‘Baywatch’ Tries to Sail Like ’21 Jump Street’ and Sinks
2012’s 21 Jump Street was concurrently a blessing and a curse for studios. Deviating from its prime time crime drama premise, 21 Jump Street managed to strike comedic gold as both crude and rude R-rated comedy. So if its juvenile, drug-bust plot was seamlessly executed here, why not tackle another staple of 90s television? How about Baywatch? That sounds about right.
Anyone who grew up in the 90s distinctly remembers the significance of Baywatch to pop culture. The NBC lifeguard drama transformed David Hasselhoff and Pamela Anderson into household names. And the iconic slow-mo running on the beach? Who could forget such imagery? 2017’s rendition of Baywatch wades to same beats to some degree. Dwayne Johnson (Moana) assumes Hasselhoff’s leading role as Mitch Buchannon. The lieutenant and head of Baywatch is a living legend on the beach, responsible for 500 rescues at Emerald Bay.
When Zac Efron’s Matt Brody arrives on the scene, the pretty-boy gold medalist is a thorn in Mitch’s side and is recruited into Baywatch While Matt is trying to prove his worth to Mitch than just being a hot-shot parolee assigned to his watched, there’s more going on at Emerald Bay. Similar to 21 Jump Street, businesswoman Victoria Leeds (Priyanka Chopra) commands a sinister agenda involving drugs and real estate in the bay area. It’s up to Mitch, Matt and the rest of the Baywatch crew to investigate the nefarious plot.
Self-aware to a fault, director Seth Gordon frames Baywatch as an overblown R-rated comedy. From the get-go, Baywatch knows exactly the ridiculous, lewd and crude spiral its plot is about to take. After rescuing a victim in the waters, Johnson carries them on his shoulders with a poorly CG title card exploding in the backdrop. And within moments of the larger-than-life rescue, he’s offering ideas to improve a sand sculpture of himself better. Make the pecs and junk bigger. That’s where the next two hours is taking its audience.
SEE ALSO: Baywatch Review: Danger Dick Jokes Ahead
Raunchy humor certainly sells. 21 Jump Street, The Hangover and Bridesmaids are perfect examples of well-executed comedies riddled in toilet humor. Even with its tongue-in-cheek narrative, the sexual innuendos and boy band jokes towards Efron quickly lose their luster. It’s fairly obvious that Efron’s Brody is a conceited tool, who’s screwed up and paying the price of parole as Mitch’s trainee. But the redundancy of being referred to a Justin Bieber, High School Musical (ironically) and a Jonas Brother is a bit much. The same can be said about the penis jokes. Oh do screenwriters Damian Shannon and Mark Swift love to toss one in every chance they get.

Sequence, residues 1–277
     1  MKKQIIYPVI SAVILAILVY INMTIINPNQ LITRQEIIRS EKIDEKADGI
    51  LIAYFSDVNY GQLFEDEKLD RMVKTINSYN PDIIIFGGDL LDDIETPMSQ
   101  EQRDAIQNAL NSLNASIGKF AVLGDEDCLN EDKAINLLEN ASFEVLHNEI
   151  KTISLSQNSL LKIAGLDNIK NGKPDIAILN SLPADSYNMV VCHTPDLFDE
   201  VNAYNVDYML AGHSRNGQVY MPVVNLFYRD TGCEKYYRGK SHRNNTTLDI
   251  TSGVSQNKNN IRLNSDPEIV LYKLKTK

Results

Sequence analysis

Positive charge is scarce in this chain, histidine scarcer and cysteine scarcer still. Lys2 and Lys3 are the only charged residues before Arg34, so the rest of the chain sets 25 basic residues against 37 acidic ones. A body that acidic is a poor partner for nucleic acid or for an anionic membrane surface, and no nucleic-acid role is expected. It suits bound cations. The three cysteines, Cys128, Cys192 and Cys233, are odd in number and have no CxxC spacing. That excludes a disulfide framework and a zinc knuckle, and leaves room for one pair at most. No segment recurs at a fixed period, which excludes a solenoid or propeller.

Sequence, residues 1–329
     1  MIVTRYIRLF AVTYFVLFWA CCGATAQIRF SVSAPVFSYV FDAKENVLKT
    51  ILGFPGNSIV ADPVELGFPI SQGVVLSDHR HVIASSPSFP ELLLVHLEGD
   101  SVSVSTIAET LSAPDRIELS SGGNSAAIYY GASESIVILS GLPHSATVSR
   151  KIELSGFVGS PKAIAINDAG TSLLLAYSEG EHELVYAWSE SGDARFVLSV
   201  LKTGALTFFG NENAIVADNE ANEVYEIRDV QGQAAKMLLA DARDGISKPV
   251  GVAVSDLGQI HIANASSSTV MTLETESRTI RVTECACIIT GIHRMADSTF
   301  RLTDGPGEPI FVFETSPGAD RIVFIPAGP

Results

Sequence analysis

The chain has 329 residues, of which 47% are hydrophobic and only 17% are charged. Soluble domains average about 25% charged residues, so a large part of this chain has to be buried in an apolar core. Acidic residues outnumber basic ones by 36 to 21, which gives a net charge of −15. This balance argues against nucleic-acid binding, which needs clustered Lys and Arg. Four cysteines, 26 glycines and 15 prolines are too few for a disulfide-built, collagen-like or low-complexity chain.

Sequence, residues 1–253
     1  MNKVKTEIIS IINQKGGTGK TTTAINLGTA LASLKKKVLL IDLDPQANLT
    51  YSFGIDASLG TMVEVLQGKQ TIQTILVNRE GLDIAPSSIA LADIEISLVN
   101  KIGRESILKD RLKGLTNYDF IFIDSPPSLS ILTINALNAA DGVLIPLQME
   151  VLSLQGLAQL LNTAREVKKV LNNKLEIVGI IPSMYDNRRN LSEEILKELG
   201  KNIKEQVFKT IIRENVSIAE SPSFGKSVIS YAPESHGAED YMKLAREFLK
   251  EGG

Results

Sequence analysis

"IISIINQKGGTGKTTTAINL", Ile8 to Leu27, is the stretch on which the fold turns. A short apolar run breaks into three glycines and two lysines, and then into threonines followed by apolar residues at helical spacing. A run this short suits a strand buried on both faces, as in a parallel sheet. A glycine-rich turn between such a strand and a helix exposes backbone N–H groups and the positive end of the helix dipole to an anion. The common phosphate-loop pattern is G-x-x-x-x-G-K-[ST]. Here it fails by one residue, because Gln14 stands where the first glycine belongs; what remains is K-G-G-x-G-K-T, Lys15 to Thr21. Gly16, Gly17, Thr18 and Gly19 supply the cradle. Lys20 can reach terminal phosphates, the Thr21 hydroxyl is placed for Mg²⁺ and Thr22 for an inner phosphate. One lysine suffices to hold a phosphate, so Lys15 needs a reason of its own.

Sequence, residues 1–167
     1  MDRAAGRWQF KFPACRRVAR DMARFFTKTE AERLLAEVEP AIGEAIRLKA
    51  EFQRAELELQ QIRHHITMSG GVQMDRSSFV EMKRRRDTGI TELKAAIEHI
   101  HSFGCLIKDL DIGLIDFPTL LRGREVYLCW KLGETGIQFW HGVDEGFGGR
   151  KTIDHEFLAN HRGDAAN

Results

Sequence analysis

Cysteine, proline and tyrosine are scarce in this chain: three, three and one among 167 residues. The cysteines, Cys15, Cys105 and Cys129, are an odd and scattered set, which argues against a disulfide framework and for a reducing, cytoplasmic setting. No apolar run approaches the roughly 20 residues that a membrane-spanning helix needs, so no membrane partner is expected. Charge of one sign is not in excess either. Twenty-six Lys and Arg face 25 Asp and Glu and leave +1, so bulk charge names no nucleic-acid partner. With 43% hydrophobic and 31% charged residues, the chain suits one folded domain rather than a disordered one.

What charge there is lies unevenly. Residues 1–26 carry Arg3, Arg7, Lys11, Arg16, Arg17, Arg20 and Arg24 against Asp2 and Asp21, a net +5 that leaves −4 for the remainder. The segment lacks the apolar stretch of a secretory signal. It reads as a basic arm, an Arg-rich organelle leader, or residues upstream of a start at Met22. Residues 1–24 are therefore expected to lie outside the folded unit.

Baywatch is a missed opportunity overall that would rather put its head in the sand full of toilet humor and juvenile plotting than be the clever summer comedy we sorely needed. That’s just not the cause. Though, Johnson’s having a field day here, moreso than in underused role in The Fate of the Furious a while back. Central Intelligence and Moana allowed him to flex his comedic muscle last year. And while he’s brings his electric presence full-force here, there’s not enough out of the derivative screenplay to be maxing out on comedic sets. At least, he and Efron have some entertaining chemistry.
At nearly two hours, Baywatch overstays its welcome with countless subplots and humorless misfires along the way. Alexandra Daddario reunites with Johnson after San Andreas, but she’s little more than a will they/won’t they surfer love interest for Efron. Kelly Rohrbach takes over Pamela Anderson’s role as C.J., who’s nothing more than the “hot one” running in slow motion in a red swimsuit. She gets herself entangled with Baywatch’s awkward recruit, Ronnie (Jon Bass). And Chopra’s villainous Victoria Leeds is nothing short of a wannabe Bond villain. That’s actually one of her lines of dialogue too.
Perhaps as a self-aware guilty pleasure, Baywatch does have its fair share of tolerable moments. That doesn’t necessarily mean we needed a Baywatch movie in the first place.